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Hardness

A water’s “hardness” is derived largely from contact with soil and rock formations. Hardness is a measure of the levels of metal ions, mainly calcium and magnesium in the form of carbonates, in water.  While it is not generally dangerous to safety or health, water with excessive hardness can cause problems with scale formation on fixtures that it comes in contact with.  Conversely, “soft” water can be corrosive, eroding pipe or other materials in which it comes in contact.   Some utilities adjust the hardness of water to achieve a level that will neither deposit scale, nor be too corrosive.

The Acton Water District is fortunate in that most of our wells have a moderate amount of hardness. We often receive questions about how many “grains” of hardness we have in our water.  Homeowners encounter this unit of measurement in manuals for dishwashers, fish tank filtering systems, etc.  It is a measurement not commonly used in the U.S, but can easily be calculated from mg/L, the unit commonly used to measure hardness.  Approximately 17 mg/L of hardness equals one grain per gallon.  Raw water hardness from our wells varies, but an average around 50 mg/L could be used as a “ballpark.”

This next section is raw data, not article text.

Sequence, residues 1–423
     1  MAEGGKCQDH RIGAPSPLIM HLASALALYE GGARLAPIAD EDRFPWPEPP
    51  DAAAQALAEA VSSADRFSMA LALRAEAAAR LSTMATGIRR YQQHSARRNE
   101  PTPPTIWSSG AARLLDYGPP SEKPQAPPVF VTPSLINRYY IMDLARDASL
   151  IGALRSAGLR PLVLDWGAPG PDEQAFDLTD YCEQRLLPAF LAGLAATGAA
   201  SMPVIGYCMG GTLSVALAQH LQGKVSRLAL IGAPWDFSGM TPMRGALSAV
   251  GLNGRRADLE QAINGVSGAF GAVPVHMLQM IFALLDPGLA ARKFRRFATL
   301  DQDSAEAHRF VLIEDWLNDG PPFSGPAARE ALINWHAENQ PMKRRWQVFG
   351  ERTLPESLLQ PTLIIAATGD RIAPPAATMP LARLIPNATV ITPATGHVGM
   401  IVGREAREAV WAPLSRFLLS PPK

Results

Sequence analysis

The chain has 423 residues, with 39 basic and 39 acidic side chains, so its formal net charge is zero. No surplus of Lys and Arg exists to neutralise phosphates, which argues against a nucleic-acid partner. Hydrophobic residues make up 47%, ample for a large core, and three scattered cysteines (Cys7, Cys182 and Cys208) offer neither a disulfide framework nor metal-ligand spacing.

Example:

50 mg/L in our water equates to 2.95 grains/gallon

Water from our wells falls into the “slightly hard” to “moderately hard” category.  Customers should be reassured that they will not experience the common problems attributed to very “hard” or very “soft” water.